Q: We have a lot of people who are just starting out in their Illustrator career - what’s pearls of wisdom could you provide?

 Paul notes that this is just from his experience and not the only way.

I would encourage people to not limit your artistic vision to illustration, but think about the whole world of other kinds of art and everything. There are a lot of trends that happen in illustration… and if you look only at children's books then it’s limiting…and that’s just me because I didn’t study illustration.

I go to figure drawing and draw from the figure once a week if I can. Drawing from life is a great thing and is good for training.

In terms of ways that you can make images, I just look at different things. And copy Art. It’s amazing what you can learn if you just start copying it. Writers as an exercise will retype someone else’s story and the act of putting down someone’s words will give you insights. Drawing from life is similar to copying from art. It teaches you to see more things then you would otherwise see.

Great stuff! Thank you Paul, and thank you SCBWI Australia East and New Zealand!

You can find out more about Paul here. And more about SCBWI Australia East and New Zealand here.

Illustrate and Write On,

Tuesday, September 20, 2016

To Honor Anna Dewdney, Read To A Child

Llama Llama series writer and illustrator Anna Dewdney died this month, and, in passing, she did something pretty remarkable. As it says in her Publishers Weekly obituary (which was picked up by the Washington Post),

She requested that in lieu of a funeral service that people read to a child instead.

That's a beautiful legacy. Go do it, now.

And after you've read to a young person in your life, take a moment and read this powerful piece Anna wrote a few years ago that was published in the Wall Street Journal, How Books Can Teach Your Child To Care, on how reading builds not just empathy, but human beings.

It includes these lines,

When we read with a child, we are doing so much more than teaching him to read or instilling in her a love of language. We are doing something that I believe is just as powerful, and it is something that we are losing as a culture: by reading with a child, we are teaching that child to be human. When we open a book, and share our voice and imagination with a child, that child learns to see the world through someone else’s eyes. I will go further and say that that child then learns to feel the world more deeply, becoming more aware of himself and others in a way that he simply cannot experience except in our laps, or in our classrooms, or in our reading circles.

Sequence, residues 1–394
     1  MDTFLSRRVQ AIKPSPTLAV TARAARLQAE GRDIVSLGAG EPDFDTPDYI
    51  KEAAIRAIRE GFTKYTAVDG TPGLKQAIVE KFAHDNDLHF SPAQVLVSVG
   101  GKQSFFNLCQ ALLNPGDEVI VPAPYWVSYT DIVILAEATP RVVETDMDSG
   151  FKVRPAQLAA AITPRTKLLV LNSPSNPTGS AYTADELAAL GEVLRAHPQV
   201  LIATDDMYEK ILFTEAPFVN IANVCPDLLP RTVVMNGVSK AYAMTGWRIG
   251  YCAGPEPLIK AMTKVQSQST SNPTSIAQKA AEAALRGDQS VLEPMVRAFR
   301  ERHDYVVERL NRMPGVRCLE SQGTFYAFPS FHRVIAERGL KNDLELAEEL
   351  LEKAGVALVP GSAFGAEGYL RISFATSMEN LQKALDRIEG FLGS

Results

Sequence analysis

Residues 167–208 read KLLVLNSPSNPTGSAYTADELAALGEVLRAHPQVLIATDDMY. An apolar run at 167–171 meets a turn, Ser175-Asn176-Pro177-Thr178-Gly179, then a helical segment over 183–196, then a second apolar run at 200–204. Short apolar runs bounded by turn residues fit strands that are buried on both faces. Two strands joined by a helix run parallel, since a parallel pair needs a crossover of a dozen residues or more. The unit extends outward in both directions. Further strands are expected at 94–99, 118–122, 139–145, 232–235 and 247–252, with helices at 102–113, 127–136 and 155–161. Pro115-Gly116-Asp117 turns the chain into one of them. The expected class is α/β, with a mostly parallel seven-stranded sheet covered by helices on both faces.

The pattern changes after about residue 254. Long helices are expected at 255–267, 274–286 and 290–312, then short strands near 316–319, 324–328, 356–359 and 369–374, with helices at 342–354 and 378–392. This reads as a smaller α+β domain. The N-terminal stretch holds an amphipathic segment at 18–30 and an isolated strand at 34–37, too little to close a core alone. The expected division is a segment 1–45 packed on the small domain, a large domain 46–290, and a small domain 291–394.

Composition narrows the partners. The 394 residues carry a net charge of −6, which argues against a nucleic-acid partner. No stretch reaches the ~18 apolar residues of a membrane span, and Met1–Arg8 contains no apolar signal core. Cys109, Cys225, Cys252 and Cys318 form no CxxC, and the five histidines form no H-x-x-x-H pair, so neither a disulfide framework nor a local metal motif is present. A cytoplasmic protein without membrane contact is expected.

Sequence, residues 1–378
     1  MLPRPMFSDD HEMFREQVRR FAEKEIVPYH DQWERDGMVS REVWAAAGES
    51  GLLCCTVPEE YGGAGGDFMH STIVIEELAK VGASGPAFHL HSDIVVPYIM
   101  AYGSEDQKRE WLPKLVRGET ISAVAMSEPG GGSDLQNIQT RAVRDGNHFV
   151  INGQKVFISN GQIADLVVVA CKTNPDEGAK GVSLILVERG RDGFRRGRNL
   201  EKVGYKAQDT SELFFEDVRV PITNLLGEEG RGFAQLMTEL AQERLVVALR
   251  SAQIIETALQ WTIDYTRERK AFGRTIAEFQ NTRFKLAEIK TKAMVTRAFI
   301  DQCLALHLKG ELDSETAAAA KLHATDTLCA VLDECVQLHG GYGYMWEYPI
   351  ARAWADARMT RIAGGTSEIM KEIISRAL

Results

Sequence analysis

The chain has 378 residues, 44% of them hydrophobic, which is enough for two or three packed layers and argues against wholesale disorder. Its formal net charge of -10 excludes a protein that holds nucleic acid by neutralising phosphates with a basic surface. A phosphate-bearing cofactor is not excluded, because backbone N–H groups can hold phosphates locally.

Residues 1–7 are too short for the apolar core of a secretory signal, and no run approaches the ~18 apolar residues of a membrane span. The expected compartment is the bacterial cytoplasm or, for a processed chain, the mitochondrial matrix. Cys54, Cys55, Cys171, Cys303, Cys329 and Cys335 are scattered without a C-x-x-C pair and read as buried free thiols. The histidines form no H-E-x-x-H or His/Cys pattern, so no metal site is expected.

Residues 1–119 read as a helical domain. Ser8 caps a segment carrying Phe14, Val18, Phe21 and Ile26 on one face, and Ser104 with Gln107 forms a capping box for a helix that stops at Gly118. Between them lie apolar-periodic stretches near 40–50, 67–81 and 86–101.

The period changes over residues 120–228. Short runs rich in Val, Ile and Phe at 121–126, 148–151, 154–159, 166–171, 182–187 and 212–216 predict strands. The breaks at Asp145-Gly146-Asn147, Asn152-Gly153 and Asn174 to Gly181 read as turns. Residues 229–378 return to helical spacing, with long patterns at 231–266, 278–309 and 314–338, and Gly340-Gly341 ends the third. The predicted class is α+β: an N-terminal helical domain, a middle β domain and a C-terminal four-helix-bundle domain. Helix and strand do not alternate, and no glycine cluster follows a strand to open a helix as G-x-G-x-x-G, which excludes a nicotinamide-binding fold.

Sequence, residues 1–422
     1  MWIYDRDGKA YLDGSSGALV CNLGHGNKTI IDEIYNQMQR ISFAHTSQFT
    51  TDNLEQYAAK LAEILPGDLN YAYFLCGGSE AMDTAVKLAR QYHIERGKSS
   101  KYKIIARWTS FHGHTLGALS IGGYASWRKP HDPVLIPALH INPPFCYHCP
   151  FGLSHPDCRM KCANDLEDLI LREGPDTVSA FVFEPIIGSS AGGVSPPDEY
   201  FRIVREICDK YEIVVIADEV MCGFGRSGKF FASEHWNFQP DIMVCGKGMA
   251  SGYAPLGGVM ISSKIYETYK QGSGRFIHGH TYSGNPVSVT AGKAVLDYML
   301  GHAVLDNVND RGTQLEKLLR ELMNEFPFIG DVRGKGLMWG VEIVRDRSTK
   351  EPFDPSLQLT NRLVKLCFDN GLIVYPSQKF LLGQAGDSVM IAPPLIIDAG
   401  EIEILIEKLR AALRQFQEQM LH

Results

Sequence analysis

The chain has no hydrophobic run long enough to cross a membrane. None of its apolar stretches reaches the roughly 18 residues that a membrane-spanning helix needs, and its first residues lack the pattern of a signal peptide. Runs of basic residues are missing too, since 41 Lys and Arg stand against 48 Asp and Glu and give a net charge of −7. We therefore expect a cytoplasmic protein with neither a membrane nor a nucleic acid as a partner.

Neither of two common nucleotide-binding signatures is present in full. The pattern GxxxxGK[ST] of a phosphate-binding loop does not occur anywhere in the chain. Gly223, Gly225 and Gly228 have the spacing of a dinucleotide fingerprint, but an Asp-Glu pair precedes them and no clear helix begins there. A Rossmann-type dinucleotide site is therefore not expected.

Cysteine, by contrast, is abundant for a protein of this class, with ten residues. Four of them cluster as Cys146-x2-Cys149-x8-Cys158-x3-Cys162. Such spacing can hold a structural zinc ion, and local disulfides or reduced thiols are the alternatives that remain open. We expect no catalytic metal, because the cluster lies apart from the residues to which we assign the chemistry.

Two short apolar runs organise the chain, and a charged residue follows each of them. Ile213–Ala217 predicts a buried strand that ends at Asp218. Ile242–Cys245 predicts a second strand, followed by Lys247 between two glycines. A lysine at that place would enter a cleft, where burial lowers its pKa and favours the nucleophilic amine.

Thank you, Anna.

Illustrate and Write, and Read to A Child On,

Tuesday, September 13, 2016

A group of men can be 'guys,' but what do you call a group of women?

Ladies? Girls? Gals?

If you've ever been stumped by this (like I have), check out this great piece by Kashmir Hill over at Forbes. She quotes Shawna Hein saying,

“I first started thinking about it when Girl With A Dragon Tattoo came out,” says Hein by phone. “It’s a whole action series where the main character is a bad ass, and yet she’s called a girl. You never see an action hero with boy in his name.”

 It’s hard to imagine Robert Downey Jr. signing up to play “Iron Boy.” 

The piece also includes this extremely useful - and very funny - infographic by Shawna Hein.

Continue to choose your words carefully!

Illustrate and Write On,

Thursday, September 8, 2016

Brian Dettmer's TED Talk: Old books reborn as intricate art

This six minute video by book sculptor Brian Dettmer is amazing, kind of disturbing, and very thought-provoking...

This quote especially resonated:
“I think that the book will evolve, and just like people said painting would die when photography and printmaking became everyday materials, but what it really allowed painting to do was it allowed painting to quit its day job. It allowed painting to not have to have that everyday chore of telling the story, and painting became free and was allowed to tell its own story.” - Brian Dettmer
As we move into the future, Brian's point about non-linear information in books is striking... I don't really use my printed dictionary anymore, either.

Maybe the future of print is more about storytelling, and the book as a special object. I'm not sure. But it will be fascinating to see what evolves. And Brian's art is fascinating as well.

Illustrate and Write On,

Thursday, September 1, 2016

Gene Luen Yang's "Glare Of Disdain"

From the New York Times, our National Ambassador for Young People's Literature published this comic: Glare of Disdain, a self-searching exploration of the power of story...

The first few frames of Glare of Disdain

Check out the whole comic here. I hope it inspires you, too.

Illustrate and Write On,